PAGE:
Overall I liked the book. I wasn’t so immediately gripped by it that I ran out to get the second, but I was left with sufficiently positive feelings about Nalini Singh’s work that I made Angel’s Blood a priority once I started reviewing at DA. I did have a couple of minor quibbles with the setup, most predominantly that the balance between the Psy and the Changelings seemed a little off, metaphor-wise. I kind of got the impression that the Psy were supposed to represent, y’know, the rational side of humanity while the Changelings were supposed to represent the emotional side. Now I admit to a bit of a bias here, because I’m kind of more of a Psy than a Changeling, but I sort of got the impression that in this reality “rational” meant “asshole” and “emotional” meant “basically alright dude.” And I get that the Psy had basically Gone Too Far, and that by switching off all of their emotions they had taken a self-destructive course of action that was ultimately destroying them from the inside, but there seemed to be no equivalent on the Changeling side of the equation. I’ve not researched the series in much detail, but I seem to recall seeing comments from one or two people who felt that the series seemed to lean too much towards the assumption that emotions were inherently good and reason was inherently bad. Obviously that’s not something that I can comment on in much detail having read one book a year ago, but it reinforces the mild impression I took away from Slave to Sensation. I understand that the most recent entry in the series Heart of Obsidian is actually the first book so far to feature a Psy/Psy couple (am I completely wrong about that? I could be completely wrong about that).
Probably the thing I remember most about Slave to Sensation, apart from the fact that, just like in Angel’s Blood, there’s an awful lot of nipple-biting involved. Like more than I would normally expect. Apart from that, the thing that I remember most is the sheer amount of stuff that gets introduced. There’s the Psy, there’s the Changelings, there’s the relationships between the various Changeling species, there’s the Silence, there’s the fact that the Silence doesn’t work (or at least, doesn’t work as well as it’s supposed to – perhaps I’m dwelling too much on that opening line but compared to an “overwhelming incidence of insanity and serial killing” the Silence actually seems to be doing pretty well for itself), there’s the whole bizarre psychic internet thing, and the fact that the psychic internet thing has somehow come alive, and has a consciousness sort of roaming around out there doing weird stuff.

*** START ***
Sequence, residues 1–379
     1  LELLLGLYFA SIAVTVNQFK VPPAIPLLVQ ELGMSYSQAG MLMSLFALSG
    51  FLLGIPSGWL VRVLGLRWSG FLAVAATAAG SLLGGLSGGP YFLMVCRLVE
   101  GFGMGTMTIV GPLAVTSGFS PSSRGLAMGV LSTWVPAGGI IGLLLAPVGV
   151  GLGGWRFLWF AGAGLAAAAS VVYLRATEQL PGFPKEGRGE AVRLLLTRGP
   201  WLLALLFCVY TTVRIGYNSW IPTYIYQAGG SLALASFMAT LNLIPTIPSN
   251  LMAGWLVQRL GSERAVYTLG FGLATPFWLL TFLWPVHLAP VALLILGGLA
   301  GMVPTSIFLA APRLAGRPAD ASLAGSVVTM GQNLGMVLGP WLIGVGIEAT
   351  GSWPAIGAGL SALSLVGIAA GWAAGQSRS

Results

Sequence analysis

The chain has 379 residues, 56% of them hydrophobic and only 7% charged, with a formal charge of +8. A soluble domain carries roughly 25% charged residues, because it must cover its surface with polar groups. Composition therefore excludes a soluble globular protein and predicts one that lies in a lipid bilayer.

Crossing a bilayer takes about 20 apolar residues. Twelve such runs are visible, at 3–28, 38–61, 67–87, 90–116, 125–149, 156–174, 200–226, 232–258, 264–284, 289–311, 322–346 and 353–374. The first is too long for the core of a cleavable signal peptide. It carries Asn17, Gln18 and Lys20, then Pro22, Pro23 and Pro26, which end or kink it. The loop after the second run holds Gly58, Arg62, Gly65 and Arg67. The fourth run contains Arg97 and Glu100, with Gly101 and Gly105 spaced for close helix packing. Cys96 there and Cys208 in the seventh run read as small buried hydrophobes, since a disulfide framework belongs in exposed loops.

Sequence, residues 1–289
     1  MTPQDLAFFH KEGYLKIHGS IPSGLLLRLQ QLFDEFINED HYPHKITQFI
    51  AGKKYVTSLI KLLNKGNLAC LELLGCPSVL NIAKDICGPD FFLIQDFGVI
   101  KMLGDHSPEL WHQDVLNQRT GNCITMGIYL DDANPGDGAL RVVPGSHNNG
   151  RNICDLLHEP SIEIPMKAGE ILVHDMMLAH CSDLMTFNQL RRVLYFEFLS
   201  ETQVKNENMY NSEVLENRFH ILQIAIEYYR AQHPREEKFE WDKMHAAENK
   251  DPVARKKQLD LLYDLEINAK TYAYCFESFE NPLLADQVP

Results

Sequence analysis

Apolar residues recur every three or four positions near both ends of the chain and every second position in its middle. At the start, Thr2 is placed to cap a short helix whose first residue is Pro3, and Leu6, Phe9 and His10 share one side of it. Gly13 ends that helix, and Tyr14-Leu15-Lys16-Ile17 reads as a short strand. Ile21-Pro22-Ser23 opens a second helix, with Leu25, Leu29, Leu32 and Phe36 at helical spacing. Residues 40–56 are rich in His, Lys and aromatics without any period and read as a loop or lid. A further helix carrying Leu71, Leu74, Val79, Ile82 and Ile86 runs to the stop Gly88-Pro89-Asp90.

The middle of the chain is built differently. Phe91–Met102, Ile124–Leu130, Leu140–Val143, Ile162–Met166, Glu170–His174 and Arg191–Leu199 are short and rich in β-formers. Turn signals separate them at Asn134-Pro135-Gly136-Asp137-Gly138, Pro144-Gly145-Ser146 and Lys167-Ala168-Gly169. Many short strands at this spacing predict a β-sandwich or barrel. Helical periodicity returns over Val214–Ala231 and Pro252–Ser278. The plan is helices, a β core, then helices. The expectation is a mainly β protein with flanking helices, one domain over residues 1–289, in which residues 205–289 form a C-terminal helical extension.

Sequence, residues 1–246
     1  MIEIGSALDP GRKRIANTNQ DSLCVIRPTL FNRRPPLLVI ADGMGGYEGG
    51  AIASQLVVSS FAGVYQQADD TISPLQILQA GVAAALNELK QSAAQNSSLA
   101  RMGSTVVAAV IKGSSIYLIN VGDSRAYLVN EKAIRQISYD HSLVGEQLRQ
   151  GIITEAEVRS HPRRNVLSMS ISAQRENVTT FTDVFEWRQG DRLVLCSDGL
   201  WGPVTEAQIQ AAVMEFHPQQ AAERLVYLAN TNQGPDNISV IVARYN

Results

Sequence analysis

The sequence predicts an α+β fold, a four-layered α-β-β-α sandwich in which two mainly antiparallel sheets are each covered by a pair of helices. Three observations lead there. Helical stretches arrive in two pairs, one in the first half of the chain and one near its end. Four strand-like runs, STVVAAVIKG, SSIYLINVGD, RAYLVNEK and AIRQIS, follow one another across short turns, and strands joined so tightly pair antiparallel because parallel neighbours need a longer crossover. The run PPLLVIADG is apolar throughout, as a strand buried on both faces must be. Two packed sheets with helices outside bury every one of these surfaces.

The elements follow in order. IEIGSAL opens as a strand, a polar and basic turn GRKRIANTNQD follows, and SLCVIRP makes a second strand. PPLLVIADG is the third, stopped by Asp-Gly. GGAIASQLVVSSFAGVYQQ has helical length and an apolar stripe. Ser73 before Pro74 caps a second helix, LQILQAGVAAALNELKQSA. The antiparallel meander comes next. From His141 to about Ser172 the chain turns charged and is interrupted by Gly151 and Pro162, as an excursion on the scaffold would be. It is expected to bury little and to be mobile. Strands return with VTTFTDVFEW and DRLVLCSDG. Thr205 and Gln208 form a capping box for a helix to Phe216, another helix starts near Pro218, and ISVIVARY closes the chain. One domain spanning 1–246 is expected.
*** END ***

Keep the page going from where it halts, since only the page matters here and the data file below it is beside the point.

It’s a huge and complex world, and the more I hear about the series, the more interested I am in seeing more of what happens in it, but the book itself didn’t quite give me that “must read more” feeling that I understand it gives to a lot of other people.
Everything I learned about life and love from reading Slave to Sensation: If you have sex dreams about a psychic, check to make sure she isn’t having them too. Real estate deals are great ways to meet prospective romantic partners. Hard as it may be to believe, training people to feel neither joy nor sorrow, neither pity nor remorse, does not make them incapable of violence.